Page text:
by Will Ashworth | June 26, 2013 10:44 am
I’m not a huge fan of share buybacks, but only because few companies execute them properly.
That’s precisely why I find Factset Research Systems’ Buyback Quarterly — an 11-page analysis of share repurchases — such an insightful publication. An entire section breaks down which companies are doing a good job in this arena.
In the first quarter of 2013, S&P 500 companies repurchased $97.8 billion in stock — approximately 3.1% of their outstanding shares. These buybacks accounted for 71% of free cash flow, leaving very little for dividends and debt repayment. Of course, with interest rates so low, it’s understandable that companies would lean that way.
Let’s break things down a little more, and look at three stand-outs Factset highlighted in its first-quarter edition.
Marissa Mayer has gained a great deal of notoriety in her first year as CEO of Yahoo (YHOO), as the stock has soared around 60% since her hiring was announced on July 16, 2012. To top it off, Mayer has also executed some solid share repurchases.
Buyback Quarterly points out that during Q1, Yahoo repurchased its shares at 21.5% of its 7-year median price-to-earnings ratio. This means it paid 5.4 times its trailing twelve month earnings per share. Considering the stock has gained more than 65% over the past year, that makes for some well-timed purchases.
In fact, Yahoo did the best job of any company in the S&P 500 during Q1 considering it repurchased 38.1 million shares during at an average price of $20.35, delivering a three-month return on investment of 22%. Meanwhile, the midpoint of its stock between the high and low during the quarter was $21.39 per share — $1.04 more than what it paid.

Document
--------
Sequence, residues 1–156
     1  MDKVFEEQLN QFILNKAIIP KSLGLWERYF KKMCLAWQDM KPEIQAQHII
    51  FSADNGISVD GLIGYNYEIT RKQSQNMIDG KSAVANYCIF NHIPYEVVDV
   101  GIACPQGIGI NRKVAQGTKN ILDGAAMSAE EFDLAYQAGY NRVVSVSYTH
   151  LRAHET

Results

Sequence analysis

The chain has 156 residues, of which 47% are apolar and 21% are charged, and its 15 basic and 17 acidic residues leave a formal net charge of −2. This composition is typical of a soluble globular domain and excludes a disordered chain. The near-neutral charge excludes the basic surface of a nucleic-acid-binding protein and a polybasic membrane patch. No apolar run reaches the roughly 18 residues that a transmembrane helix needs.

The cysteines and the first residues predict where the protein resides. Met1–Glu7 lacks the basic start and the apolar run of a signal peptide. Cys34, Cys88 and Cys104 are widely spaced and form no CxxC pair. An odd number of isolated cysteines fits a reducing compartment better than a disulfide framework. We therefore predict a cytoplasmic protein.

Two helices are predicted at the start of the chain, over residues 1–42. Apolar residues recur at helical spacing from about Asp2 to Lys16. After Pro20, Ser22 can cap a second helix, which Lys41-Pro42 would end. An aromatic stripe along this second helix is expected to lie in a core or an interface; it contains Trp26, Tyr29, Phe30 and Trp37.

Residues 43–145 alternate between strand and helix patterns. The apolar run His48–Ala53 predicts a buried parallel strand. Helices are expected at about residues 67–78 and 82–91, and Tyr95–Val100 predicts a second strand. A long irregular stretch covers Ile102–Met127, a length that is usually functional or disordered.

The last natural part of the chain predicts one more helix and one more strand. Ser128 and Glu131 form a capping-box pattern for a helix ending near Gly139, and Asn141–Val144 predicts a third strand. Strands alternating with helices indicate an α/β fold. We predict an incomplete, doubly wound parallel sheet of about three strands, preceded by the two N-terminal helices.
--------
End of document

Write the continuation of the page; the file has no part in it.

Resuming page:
Anytime you can buy at less than the midpoint, you’re doing a good job.
Next up, we have a company that paid far less to repurchase its shares over the past 52 weeks (through the end of March) than its average share price over the same 52 weeks. Constellation Brands (STZ) managed to buy its shares at $21.28 per share — less than 72% of its average stock price.
Once again: Anything under 100% is doing a good job.
Still not sold? Well, STZ’s June 25 current price around $51 is a return on investment of approximately 140%. The only other company in the top 10 to achieve a one-year total return close to 100% is GameStop (GME), up 99%.
Plus, with Constellation controlling the Modelo brands in the U.S., that ROI is bound to get even better during the rest of the year.
Last but not least, we must tip our hats to Jabil Circuit (JBL), a Florida-based provider of manufacturing services. Not only did the company buy back its stock in the past quarter at under 60% of its 7-year median P/E, but it also managed to purchase its stock over the past 52 weeks at $18.08 per share — less than 88% of its average price over the same period.
Despite this savvy buying, though, JBL gained just 6.5% over the past year through the end of March. Since then, though, the stock has improved more than 8% compared to a 2% gain for the broader SPDR S&P 500 (SPY).
Plus, Jabil paid $665 million for Nypro Inc. — a privately held maker of molds for medical disposable goods and consumer electronics — back in February. The acquisition provides the company with a strong push into the healthcare field, which is an area it’s wanted to expand into for some time.
While the company’s recently reduced quarterly guidance suggests near-term prospects aren’t the best, Jabil could still be a good pick for the long term.
As of this writing, Will Ashworth did not own a position in any of the aforementioned securities.
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